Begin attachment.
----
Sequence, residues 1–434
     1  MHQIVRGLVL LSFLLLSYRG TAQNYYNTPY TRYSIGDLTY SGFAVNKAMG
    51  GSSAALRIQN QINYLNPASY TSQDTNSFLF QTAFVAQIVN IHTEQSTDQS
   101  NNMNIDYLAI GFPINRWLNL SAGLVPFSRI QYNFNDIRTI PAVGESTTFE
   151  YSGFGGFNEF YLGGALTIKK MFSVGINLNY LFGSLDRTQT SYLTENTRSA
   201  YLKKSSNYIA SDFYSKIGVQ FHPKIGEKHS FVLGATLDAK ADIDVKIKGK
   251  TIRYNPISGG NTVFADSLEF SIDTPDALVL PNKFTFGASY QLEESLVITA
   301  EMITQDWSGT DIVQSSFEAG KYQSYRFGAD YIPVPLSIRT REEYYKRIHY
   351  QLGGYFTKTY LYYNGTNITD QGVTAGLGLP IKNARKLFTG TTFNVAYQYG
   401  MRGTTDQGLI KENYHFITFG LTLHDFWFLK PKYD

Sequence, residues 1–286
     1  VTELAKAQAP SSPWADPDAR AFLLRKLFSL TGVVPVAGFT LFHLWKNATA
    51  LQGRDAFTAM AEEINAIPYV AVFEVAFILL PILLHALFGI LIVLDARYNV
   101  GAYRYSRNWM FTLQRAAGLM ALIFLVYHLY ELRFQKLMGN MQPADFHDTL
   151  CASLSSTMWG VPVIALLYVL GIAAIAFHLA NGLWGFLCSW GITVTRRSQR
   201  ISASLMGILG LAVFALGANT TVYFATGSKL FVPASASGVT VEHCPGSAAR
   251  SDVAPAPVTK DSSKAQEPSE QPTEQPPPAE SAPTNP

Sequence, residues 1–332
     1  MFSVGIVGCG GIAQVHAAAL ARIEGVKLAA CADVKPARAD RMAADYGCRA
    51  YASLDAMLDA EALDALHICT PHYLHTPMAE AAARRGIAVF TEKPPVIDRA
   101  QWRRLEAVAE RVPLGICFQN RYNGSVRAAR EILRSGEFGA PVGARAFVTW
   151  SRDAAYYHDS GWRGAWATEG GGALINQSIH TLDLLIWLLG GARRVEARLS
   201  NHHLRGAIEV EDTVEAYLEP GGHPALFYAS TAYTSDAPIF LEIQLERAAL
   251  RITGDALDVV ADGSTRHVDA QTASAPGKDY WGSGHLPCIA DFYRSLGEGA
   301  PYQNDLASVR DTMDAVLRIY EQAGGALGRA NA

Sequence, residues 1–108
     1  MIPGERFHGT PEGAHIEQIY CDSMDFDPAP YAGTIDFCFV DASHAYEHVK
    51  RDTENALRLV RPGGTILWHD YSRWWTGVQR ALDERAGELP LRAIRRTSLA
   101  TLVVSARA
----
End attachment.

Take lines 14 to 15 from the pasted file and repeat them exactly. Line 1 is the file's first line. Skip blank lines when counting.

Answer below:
   101  GAYRYSRNWM FTLQRAAGLM ALIFLVYHLY ELRFQKLMGN MQPADFHDTL
   151  CASLSSTMWG VPVIALLYVL GIAAIAFHLA NGLWGFLCSW GITVTRRSQR